TDD vs BDD: Which One Is Better for Your Software Development Needs?

Hey, do you know what the goal of any software development project is?

The goal is to produce a high-quality product or service.

Along the way, you can choose two different approaches to achieve high quality: BDD and TDD.

TDD vs BDD: What’s the difference? The goal of behavior driven development (BDD) is to enhance the collaboration between the business and the development team. In contrast, test driven development (TDD) uses a relentless cycle of testing and coding to create a list of specifications for a piece of software.

Both BDD and TDD aim to guide your software development to maintain quality and improve usability, but they differ in their approach.

So, which one should you use? This article will help you understand the pros and cons of each style and how you can apply them to your project.

What is BDD?

Behavior-driven development (BDD) is an agile software development technique that encourages collaboration between the development team, the product owner, and the product’s users.

In BDD methodology, developers, testers, the product owner, and potentially other stakeholders collaborate to develop acceptance criteria and user stories for the application. The collaboration and shared understanding improves the end-user experience and allows for a seamless way to build and test the application.

What are the acceptance criteria? Acceptance criteria are the goals that the new feature should accomplish. It is essential to have these criteria before you start to code.

What are the user stories? User stories are used to identify features or tasks that can be implemented within the project. User stories are typically written in the format of who will use the product/feature, what they will need to do, and what will happen when it is done.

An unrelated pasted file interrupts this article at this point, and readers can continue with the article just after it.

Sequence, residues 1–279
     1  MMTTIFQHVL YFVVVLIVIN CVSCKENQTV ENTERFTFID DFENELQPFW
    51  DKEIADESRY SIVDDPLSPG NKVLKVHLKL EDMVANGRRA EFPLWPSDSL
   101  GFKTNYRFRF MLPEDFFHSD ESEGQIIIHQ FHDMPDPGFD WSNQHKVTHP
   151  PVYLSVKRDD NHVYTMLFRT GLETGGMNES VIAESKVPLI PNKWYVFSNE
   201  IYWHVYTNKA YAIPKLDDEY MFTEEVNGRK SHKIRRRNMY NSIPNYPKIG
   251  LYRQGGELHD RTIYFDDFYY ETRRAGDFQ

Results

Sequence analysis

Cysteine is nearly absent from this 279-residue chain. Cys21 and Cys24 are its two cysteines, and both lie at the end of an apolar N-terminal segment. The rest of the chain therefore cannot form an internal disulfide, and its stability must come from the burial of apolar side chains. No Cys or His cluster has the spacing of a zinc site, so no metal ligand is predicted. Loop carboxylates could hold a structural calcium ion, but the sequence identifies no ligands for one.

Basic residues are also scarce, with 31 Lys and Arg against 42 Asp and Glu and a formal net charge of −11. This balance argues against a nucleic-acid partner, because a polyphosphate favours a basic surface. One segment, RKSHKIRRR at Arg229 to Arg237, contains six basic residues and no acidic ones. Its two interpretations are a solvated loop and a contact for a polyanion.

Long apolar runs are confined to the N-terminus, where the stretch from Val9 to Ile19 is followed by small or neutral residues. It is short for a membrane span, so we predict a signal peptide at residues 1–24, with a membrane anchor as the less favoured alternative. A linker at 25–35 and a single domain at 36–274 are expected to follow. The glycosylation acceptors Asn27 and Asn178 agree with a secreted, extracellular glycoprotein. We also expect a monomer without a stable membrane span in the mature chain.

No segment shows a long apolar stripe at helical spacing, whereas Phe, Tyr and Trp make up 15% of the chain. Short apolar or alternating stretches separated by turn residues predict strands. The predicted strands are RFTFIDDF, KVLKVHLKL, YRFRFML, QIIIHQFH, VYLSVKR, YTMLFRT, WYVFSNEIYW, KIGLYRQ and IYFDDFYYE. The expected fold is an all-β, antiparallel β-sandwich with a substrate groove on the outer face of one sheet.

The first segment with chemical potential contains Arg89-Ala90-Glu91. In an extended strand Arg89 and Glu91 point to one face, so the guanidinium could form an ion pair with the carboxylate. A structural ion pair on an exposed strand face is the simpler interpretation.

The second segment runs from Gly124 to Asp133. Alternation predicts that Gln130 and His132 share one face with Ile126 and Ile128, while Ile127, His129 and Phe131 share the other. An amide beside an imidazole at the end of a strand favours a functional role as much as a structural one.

Acceptance criteria and user stories are typically expressed in a Gherkin format. This format has the following structure:

  • Given
  • When
  • Then

One example of an acceptance test:

  • Given a user logged in the system
  • When the user adds the item to the shopping cart
  • Then the shopping cart contains the selected item

BDD is based on test-driven development. It enables both technical and non-technical stakeholders to feel confident about the features the team is building.

It answers the question: does the code have the correct behavior?


Behavior Driven Development (BDD) has several advantages over traditional ways of developing software:

  • Increased collaboration of stakeholders
  • Tests have a wider reach because of the usage of the non-technical language
  • It provides living documentation
  • Cost-effective strategy
  • Focus is on the perspective of the end-user


Some disadvantages of BDD are:

  • It’s not a silver bullet. Using only BDD is not enough. You need to have integration tests and other forms of automated testing.
  • Communication between the development team and other stakeholders can delay the project’s start.
  • When a test fails, it’s not easy to pinpoint the class that has a failure.

What is TDD?

TDD stands for test driven development, a unit testing technique for developing software by writing tests before you write production code.


The first part of TDD is creating an automated test for the component that the developer is building. You typically use the same programming language for writing the test code and the production code. After you write a test case that fails because of missing functionality, you need to implement the necessary feature. The second part is to write the minimum amount of code required to pass the test. The final step is to refactor the newly passing test with the most appropriate design the developer wants.

TDD is beneficial because it allows developers to validate their work quickly and cheaply.

It answers the question: is the code correct?


The advantages of TDD are:

  • Code refactoring with confidence.
  • The safety net in place that prevents you from breaking things.
  • The tests are living technical documentation.
  • It forces you to think about what your code needs to do before you write it.
  • It improves the system design.
  • Increased code coverage.


The TDD also has some downsides:

  • It doesn’t work so well with legacy code.
  • The developers need to get used to the process.
  • It can be time-consuming.

What is the difference between TDD and BDD?

In software development, there are multiple ways of doing the same thing. One such example is test-driven development (TDD) and behavior-driven development (BDD). Both of these methods have advantages and disadvantages. For example, TDD focuses on the technical aspects of programming, while BDD focuses on the product’s quality and how the end-users will use it.

TDD is a software development process. BDD is a team process.

Let’s explore the differences.